Analysis Of Frankenstein And Kazuo Ishiguro's Frankenstein
This genre allows us to consider how society could be presented differently that is “close enough to the real world that the audience can see reality” which is clearly presented in these two novels (Thomas 18). Shelley’s novel focuses on “highlighting the dangers inherent in who is governing that science and why” which is a common component of science fiction where Frankenstein is trying to create a new life (Thomas 18). While, Ishiguro’s novel explores the idea of a dystopian genre where it poses an important question of whether it is “ethical to kill people to save people?” and what it means to be human (Thomas 19).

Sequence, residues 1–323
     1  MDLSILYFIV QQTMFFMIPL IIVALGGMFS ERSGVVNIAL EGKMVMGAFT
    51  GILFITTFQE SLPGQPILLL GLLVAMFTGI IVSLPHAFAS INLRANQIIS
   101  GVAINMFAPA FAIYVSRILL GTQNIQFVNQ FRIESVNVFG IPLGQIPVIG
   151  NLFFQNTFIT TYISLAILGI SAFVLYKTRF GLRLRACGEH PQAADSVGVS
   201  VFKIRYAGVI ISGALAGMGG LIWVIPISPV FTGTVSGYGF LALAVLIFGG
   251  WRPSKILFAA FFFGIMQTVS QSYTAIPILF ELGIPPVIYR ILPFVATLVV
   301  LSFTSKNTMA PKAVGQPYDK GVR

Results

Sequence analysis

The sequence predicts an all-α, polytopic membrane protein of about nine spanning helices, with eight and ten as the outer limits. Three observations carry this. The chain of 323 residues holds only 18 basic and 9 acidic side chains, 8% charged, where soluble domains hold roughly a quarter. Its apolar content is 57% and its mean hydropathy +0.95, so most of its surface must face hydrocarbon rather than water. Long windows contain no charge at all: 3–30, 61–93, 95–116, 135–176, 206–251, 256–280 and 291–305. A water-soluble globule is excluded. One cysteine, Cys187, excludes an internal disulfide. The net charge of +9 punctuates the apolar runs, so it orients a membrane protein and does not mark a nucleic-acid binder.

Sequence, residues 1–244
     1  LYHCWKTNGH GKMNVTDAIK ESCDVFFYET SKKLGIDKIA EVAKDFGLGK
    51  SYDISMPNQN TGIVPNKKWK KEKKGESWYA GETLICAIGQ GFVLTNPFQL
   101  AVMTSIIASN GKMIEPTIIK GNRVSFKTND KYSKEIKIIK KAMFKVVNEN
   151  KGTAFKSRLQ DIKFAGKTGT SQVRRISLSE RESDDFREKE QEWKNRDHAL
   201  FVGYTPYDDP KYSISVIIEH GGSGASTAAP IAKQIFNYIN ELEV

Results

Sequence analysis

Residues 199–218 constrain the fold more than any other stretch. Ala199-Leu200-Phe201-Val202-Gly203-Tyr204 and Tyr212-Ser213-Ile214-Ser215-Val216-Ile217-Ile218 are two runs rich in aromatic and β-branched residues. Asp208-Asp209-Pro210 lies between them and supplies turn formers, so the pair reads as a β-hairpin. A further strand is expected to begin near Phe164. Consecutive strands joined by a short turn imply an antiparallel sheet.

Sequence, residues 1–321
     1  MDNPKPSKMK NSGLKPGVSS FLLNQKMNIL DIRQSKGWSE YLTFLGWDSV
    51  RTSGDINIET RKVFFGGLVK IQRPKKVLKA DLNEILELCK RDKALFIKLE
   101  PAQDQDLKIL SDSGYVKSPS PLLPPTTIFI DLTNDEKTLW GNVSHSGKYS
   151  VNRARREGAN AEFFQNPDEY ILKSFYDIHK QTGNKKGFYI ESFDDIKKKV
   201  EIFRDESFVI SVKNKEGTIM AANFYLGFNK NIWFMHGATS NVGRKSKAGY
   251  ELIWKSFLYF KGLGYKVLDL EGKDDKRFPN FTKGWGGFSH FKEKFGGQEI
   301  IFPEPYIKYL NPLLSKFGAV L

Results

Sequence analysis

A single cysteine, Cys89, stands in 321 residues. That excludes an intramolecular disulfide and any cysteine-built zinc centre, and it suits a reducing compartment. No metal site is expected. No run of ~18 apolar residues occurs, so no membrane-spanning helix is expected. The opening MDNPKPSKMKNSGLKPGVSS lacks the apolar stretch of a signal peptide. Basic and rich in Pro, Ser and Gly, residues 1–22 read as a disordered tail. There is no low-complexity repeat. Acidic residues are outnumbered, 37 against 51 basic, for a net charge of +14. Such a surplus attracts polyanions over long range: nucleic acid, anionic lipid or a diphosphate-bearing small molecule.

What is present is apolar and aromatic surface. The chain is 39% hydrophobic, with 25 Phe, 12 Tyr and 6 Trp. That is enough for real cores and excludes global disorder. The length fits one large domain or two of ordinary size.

Overall, science fiction has changed over time, but the message about birth still remains the same. Frankenstein shows how men try to pursue what is not meant for them, but for women and mother only, and the consequences that follow when men ignores these ethical issues. Whereas, NLMG primary concern is about acceptance and free will in a society where humans create a clone like themselves but unable to accept its place within the society. Nonetheless, both novels show how human tries to pursue unnatural scientific inventions, this will consequently lead to self-destruction and unsettled